The pH of the environment can support growth or hinder neutrophilic organisms. When the pH is within the microbe's range, they grow and within that range there is an optimal growth pH. Neutrophiles are adapted to live in an environment where the hydrogen ion concentration is at equilibrium. They are sensitive to the concentration, and when the pH become too basic or acidic, the cell's proteins can denature. In acidic conditions, neutrophiles have a few defenses including decreasing membrane fluidity, repairing DNA that has been damaged, and increasing the pH of the environment surrounding it. Depending on the microbe and the pH, the microbe's growth can be slowed or stopped altogether. Manipulation of the pH of the environment that the microbe is in is used by the food industry to control its growth in order to increase the shelf life of food.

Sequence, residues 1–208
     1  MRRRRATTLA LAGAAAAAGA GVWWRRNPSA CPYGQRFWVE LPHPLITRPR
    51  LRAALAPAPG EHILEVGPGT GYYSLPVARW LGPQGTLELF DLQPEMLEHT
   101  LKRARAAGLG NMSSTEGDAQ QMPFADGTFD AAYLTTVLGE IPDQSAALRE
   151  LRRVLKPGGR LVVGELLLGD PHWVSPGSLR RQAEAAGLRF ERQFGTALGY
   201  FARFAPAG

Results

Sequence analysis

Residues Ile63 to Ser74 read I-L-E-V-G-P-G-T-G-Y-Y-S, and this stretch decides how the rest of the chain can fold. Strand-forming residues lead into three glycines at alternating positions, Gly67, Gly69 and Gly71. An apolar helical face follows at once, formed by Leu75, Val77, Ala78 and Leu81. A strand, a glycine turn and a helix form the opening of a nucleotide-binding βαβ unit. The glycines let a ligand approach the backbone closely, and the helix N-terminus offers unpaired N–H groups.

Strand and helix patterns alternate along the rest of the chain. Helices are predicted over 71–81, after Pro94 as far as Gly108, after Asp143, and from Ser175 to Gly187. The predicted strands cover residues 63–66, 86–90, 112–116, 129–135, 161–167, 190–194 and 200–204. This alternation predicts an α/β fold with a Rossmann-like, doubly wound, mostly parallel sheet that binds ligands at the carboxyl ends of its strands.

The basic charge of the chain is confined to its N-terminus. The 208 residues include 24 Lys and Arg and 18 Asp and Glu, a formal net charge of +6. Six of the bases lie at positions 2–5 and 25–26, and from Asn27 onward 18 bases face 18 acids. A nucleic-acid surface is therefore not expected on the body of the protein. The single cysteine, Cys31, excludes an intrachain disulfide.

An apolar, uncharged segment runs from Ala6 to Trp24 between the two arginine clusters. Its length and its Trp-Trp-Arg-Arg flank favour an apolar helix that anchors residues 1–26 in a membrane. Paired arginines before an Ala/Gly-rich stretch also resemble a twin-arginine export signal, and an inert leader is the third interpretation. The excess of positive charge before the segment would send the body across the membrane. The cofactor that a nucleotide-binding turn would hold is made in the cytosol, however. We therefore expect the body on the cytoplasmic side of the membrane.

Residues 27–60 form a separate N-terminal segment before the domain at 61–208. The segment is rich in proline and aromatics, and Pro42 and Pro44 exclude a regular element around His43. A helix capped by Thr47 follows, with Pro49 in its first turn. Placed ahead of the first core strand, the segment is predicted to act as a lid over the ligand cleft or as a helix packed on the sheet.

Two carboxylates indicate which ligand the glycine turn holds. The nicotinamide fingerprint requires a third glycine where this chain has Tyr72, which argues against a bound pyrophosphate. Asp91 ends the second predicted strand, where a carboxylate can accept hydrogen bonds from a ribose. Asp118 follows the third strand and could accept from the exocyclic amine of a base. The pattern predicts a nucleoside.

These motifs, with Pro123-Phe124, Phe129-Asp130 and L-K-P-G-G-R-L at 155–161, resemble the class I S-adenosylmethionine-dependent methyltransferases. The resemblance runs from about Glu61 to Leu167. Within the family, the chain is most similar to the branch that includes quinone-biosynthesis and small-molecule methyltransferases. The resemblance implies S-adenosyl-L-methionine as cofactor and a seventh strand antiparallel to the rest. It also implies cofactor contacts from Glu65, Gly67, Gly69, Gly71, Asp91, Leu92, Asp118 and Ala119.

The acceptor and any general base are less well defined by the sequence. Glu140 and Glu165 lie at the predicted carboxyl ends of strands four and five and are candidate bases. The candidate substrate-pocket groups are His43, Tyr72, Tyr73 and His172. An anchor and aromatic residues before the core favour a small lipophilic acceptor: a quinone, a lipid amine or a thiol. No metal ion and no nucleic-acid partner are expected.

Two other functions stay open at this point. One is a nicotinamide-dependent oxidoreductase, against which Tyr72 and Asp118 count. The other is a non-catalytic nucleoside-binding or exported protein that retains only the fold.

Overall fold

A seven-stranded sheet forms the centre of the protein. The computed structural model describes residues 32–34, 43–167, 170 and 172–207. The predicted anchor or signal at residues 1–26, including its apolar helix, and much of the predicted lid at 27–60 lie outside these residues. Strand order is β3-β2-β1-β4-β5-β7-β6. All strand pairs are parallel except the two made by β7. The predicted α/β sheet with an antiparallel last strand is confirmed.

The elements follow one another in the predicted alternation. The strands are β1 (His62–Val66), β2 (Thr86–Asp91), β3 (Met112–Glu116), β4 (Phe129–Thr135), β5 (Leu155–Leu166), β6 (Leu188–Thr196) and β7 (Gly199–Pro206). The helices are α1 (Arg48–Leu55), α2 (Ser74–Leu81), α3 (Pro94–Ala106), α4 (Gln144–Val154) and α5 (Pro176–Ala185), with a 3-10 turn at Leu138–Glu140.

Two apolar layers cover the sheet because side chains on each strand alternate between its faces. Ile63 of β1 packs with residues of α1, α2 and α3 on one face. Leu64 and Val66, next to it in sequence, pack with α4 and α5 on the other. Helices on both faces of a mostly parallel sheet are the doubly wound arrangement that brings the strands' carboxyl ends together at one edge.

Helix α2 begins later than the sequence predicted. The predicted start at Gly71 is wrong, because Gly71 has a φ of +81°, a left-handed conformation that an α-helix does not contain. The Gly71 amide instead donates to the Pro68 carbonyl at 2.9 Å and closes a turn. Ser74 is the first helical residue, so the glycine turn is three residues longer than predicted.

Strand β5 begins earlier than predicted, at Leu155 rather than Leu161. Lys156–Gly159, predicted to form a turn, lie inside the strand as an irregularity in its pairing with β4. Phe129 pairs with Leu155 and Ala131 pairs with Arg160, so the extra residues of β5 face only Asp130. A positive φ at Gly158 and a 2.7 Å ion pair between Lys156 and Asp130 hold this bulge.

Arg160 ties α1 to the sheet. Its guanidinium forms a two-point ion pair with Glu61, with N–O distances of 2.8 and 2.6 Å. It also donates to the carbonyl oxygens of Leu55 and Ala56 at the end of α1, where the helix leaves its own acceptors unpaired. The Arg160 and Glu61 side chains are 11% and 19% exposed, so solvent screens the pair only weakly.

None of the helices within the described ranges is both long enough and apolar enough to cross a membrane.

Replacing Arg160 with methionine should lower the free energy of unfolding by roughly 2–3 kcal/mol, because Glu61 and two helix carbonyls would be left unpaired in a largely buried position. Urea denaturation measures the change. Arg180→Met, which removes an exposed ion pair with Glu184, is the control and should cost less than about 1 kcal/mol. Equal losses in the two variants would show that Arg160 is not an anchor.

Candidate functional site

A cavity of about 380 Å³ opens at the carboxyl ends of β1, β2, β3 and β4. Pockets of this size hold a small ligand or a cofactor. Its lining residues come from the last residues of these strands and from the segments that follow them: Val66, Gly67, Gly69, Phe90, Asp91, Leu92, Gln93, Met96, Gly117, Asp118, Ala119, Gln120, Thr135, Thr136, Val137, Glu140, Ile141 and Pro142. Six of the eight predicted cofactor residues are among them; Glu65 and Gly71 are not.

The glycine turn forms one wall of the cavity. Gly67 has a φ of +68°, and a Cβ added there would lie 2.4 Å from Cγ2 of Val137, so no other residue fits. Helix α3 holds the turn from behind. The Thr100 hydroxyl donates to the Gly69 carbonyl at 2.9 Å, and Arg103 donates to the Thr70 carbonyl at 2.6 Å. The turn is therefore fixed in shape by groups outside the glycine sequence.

^Tortora, Funke, Case (2015). Microbiology: An introduction. Benjamin-Cummings Publishing Company, Subs of Addison Wesley Longman, Inc. p. 152. ISBN0321929152.CS1 maint: Multiple names: authors list (link)